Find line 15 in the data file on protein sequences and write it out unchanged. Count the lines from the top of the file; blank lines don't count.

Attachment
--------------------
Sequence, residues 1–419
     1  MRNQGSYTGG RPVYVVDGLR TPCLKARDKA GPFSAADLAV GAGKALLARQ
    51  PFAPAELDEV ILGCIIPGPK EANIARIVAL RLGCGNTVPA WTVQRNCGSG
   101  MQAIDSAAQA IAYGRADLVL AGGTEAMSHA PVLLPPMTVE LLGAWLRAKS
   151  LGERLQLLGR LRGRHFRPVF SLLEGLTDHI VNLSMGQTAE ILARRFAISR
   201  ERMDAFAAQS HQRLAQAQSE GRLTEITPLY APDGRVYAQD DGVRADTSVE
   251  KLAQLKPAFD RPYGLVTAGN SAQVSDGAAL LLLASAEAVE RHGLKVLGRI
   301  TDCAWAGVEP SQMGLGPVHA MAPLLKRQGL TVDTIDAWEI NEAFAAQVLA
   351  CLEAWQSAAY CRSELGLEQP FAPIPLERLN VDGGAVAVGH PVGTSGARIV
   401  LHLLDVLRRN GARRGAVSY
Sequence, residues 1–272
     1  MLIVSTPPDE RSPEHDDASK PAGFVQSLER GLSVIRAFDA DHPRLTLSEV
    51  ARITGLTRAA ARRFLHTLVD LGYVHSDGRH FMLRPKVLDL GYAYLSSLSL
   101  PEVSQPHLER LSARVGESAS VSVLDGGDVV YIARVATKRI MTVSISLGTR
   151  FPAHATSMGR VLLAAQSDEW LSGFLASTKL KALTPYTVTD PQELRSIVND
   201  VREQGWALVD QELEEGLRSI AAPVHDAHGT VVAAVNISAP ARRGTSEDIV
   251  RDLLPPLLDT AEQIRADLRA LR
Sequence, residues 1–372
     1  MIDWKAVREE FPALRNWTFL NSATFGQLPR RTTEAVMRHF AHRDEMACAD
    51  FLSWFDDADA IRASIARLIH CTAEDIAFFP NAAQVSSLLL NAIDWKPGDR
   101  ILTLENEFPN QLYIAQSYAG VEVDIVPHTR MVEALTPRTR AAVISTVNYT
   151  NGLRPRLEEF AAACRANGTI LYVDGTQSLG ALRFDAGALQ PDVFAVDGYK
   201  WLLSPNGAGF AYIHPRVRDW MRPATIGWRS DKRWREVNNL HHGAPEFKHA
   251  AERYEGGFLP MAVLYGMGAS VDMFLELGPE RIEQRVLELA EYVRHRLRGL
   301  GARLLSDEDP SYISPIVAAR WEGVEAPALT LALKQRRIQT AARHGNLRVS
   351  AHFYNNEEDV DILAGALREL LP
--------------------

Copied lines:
   151  FPAHATSMGR VLLAAQSDEW LSGFLASTKL KALTPYTVTD PQELRSIVND